Favorite smell: the ocean.

Something that makes you hold your nose: smells from the swamp.
 
Something you’re really good at: talking with patients.
Something you’re really bad at: tennis.

Something you wish you could do: play squash well.
Something you wish you’d never learned to do: work so many hours a day.

Something you like to do: paint, blow glass.

Something you wish you’d never done: didn’t stay in touch with old friends.

Last best thing you ate: lobster.

Last thing you regret eating: a hot dog.

Things you’d walk a mile for: to save someone’s life.
Things that make you want to run screaming from the room: passive aggressive people.

Things you always put in your books: examples of blame-shifting since it is present in so many relationships.

Things you never put in your books: information about my patients.

Things to say to an author: keep trying; don’t give up.

Things to say to an author if you want to be fictionally killed off in their next book: it’s easy to get books published.

Favorite places you’ve been: the Amalfi Coast.

Places you never want to go to again: parts of Florida.

Favorite things to do: boating, writing, painting.

Things you’d run through a fire wearing gasoline pants to get out of doing: cleaning a boat.

Things that make you happy: gardening.

Things that drive you crazy: cleaning up after an adult.

Best thing you’ve ever done: had children.

Biggest mistake: selling Zoom stock.

Most daring thing you’ve ever done: taking private pilot lessons.

Something you chickened out from doing: parachuting.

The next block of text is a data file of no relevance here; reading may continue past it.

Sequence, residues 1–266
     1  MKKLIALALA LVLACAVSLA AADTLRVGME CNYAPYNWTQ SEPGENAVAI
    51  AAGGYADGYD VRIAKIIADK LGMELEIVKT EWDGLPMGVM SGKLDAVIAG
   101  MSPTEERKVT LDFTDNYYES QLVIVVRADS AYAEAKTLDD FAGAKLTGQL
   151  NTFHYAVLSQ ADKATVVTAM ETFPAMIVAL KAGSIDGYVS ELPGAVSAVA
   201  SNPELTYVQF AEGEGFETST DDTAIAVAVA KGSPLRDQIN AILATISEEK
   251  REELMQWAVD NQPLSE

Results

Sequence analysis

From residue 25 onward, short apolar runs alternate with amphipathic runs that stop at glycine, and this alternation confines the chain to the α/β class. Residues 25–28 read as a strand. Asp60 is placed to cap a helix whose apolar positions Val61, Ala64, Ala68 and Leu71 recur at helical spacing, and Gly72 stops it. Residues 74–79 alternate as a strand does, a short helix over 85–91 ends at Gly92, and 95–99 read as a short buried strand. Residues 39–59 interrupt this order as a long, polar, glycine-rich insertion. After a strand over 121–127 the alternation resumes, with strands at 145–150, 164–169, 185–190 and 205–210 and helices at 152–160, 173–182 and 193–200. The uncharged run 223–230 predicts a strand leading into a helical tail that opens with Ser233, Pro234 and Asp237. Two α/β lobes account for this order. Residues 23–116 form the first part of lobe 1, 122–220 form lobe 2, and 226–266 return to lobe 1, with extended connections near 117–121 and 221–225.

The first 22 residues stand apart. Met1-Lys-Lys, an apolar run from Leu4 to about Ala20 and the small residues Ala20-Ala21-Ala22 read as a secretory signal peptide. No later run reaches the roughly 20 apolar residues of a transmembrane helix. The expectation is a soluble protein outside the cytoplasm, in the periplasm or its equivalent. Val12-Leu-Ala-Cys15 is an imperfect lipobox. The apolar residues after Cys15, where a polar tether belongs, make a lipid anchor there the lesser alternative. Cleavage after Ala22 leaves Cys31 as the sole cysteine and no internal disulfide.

The last thing you did for the first time: drove a Tesla—it drives itself.

Something you’ll never do again: go on a roller coaster.
 

ABOUT THE AUTHOR 

Karyne has written two books on the topics of misogyny and projective identification, with a third in the works. Her first book, Misogyny, Projective Identification, and Mentalization: Psychoanalytic, Social and Institutional Manifestations (Routledge, 2019), explored the genesis of hatred and ingrained prejudice towards women and the phenomenon known in the world of psychoanalysis as projective identification. In her second book, Aftermath: Healing from the Trump Presidency (International Psychotherapy Institute), she argues that we the American people were stuck in a toxic, psychologically harmful, four-year relationship with President Trump and offer ideas on how to heal.
 
Karyne is a licensed psychologist and certified psychoanalyst by the American Board of Psychoanalysis. She is a supervising and training analyst at the Washington Baltimore Center for Psychoanalysis and is on the medical staff of Suburban Hospital in Bethesda, Maryland, part of Johns Hopkins Medicine. Karyne maintains a full-time private practice in Chevy Chase, Maryland, as well as memberships with the American Psychological Association, the Washington Baltimore Center for Psychoanalysis, the American Psychoanalytic Association, the Washington School of Psychiatry, the American Board of Psychoanalysis, and the International Psychoanalytical Association.



Connect with Karyne:
Website  |  Twitter Instagram

Buy the book:
Amazon